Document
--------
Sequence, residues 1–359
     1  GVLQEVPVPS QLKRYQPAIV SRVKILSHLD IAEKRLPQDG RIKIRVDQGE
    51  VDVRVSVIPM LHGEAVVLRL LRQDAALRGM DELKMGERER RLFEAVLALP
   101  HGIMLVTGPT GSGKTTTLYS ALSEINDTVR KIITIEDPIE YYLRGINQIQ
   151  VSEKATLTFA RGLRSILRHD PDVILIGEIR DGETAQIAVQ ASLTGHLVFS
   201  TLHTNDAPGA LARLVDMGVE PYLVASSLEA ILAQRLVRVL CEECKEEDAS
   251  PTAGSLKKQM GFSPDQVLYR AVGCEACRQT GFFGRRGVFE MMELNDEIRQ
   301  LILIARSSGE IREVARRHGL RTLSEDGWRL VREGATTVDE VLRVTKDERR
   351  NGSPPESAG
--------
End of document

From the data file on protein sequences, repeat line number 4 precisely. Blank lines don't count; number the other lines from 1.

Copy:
   101  HGIMLVTGPT GSGKTTTLYS ALSEINDTVR KIITIEDPIE YYLRGINQIQ